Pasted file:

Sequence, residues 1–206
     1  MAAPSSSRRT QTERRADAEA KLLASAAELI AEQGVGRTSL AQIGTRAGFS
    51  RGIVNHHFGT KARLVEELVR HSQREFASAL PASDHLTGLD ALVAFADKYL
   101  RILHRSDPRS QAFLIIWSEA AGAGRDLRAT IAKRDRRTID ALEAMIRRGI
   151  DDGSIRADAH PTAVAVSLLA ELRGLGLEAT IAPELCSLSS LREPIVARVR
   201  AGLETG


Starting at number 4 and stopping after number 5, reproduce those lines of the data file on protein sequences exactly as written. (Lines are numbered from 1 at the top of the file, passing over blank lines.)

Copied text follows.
   101  RILHRSDPRS QAFLIIWSEA AGAGRDLRAT IAKRDRRTID ALEAMIRRGI
   151  DDGSIRADAH PTAVAVSLLA ELRGLGLEAT IAPELCSLSS LREPIVARVR